HASSELT, Belgium — COVID-19 could lead to a person’s muscles swelling in size, according to new study of critically ill patients. Researchers in Belgium discovered that some individuals with a severe case of the virus saw their muscle fibers balloon by over 60 percent while in the hospital.
Scientists believe the body’s immune response damages mitochondria, the powerplants of cells, leading to a loss of energy that builds up water — causing muscles to swell. The phenomenon stunned the Belgian team, since muscle shrinkage is a common complication among people spending several days in an intensive care unit.
Biopsies of the most powerful muscle in the thigh from 18 COVID patients revealed the muscles in four of them increased “massively” while in the ICU. The type 1 and type 2 fibers in these patients grew by 62 and 32 percent, respectively.
Researchers explain that type 1 muscle fibers support endurance activities, while the type 2 fibers handle quick and powerful moments.
Lead author Dr. Toon Mostien of Jessa Hospital notes that this kind of swelling can ultimately lead to muscle fibers dying. Since it’s normal for muscle to shrink due to inactivity, the team believes this strange side-effect is a temporary condition.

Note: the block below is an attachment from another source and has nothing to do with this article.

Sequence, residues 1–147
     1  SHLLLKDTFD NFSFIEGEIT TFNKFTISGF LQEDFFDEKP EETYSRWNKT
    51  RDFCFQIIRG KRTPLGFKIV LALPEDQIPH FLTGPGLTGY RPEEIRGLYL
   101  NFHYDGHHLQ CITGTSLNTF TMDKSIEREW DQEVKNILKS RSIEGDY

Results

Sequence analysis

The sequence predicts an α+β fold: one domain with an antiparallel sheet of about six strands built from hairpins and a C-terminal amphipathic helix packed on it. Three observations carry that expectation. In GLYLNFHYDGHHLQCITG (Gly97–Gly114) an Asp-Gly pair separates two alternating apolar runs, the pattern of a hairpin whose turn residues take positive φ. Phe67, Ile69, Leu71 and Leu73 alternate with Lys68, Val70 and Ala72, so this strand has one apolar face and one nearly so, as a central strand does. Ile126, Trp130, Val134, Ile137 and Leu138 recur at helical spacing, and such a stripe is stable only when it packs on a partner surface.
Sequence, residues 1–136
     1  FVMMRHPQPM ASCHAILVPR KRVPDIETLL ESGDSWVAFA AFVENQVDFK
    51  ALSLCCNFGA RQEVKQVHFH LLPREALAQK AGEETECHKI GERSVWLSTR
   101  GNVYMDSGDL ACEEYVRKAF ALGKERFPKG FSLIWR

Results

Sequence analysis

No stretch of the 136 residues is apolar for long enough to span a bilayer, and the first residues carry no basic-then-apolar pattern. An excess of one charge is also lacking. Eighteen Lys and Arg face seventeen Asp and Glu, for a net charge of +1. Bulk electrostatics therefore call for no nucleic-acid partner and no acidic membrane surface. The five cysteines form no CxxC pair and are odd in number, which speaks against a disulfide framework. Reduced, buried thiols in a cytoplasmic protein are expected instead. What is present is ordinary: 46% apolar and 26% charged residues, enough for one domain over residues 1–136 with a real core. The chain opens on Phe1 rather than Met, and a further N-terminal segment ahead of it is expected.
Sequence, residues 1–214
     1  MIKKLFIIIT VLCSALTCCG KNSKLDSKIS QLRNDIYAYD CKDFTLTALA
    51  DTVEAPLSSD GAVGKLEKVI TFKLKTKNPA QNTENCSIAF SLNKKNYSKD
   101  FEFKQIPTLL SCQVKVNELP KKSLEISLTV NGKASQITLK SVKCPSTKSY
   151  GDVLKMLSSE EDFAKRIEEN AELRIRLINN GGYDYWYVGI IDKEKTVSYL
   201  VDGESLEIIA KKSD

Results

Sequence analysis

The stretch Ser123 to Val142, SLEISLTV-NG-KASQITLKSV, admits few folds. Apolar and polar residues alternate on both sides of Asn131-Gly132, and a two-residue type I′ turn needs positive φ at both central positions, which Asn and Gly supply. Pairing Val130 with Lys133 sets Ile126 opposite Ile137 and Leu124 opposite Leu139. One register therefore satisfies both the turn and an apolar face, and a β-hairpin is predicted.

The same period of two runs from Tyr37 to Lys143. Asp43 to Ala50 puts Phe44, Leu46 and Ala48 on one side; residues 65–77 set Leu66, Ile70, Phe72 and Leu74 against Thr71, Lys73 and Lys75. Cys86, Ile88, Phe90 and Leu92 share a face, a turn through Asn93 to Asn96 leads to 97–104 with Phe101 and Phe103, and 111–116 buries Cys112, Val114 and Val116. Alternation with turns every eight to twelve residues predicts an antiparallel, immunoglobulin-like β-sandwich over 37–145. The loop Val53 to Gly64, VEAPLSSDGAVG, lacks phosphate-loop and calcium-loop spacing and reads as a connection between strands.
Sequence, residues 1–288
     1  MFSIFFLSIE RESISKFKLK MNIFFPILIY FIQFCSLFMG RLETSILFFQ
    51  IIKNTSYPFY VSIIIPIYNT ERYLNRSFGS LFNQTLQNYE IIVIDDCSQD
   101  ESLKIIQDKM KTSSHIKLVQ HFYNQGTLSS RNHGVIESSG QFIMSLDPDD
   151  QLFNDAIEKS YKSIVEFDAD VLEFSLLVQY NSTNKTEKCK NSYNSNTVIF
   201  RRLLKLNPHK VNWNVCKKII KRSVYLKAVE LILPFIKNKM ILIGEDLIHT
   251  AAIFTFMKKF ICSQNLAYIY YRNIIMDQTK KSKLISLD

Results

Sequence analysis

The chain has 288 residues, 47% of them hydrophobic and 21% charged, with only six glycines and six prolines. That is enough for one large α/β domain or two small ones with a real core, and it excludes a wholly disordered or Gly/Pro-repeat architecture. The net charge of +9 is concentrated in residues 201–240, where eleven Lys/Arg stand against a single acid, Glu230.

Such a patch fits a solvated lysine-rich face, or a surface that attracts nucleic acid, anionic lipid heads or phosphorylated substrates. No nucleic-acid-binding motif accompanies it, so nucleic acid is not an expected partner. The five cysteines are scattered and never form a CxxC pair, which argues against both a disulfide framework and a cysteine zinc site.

Overall, type 1 fibers grew by six percent and type 2 shrank by five percent across all of the COVID patients in the study. The team considers this change statistically insignificant.
COVID also leads to severe muscle shrinkage
However, when the study authors excluded the patients with severe swelling from the results, the remaining patients displayed significant muscle shrinkage. In patients without COVID swelling, their type 1 muscle fibers shrank by 11 percent and their type 2 muscles decreased by 17 percent.
The average age of these participants was 69 and the majority were men. The team scanned samples under a microscope for any changes occurring during the first week in intensive care. Typically, bed rest and mechanical ventilation often leads to muscle wastage. It can hamper recovery and affect mobility and quality of life.
Previous research has revealed that fibers shrink by almost a fifth after a week in ICU. The team fears COVID is causing even greater damage. Mostien’s team found the number of capillaries supplying type 1 and type 2 fibers with oxygen and nutrients fell by five and 10 percent, respectively.
“Although the results were not significant, a drop in perfusion of almost 10% could potentially contribute to muscle fiber destruction,” Dr. Mostien says in a media release.
“There are concerns that immune response to Covid can exacerbate muscle wastage, meaning that critically ill Covid patients experience more severe muscle damage than the general ICU population,” the study author concludes. “Given the global burden of COVID-19, it is vital we learn more about this and our research is an important first step.”
Researchers presented their findings at Euroanaesthesia 2021, a virtual meeting of the European Society of Anaesthesiology and Intensive Care.
South West News Service writer Mark Waghorn contributed to this report.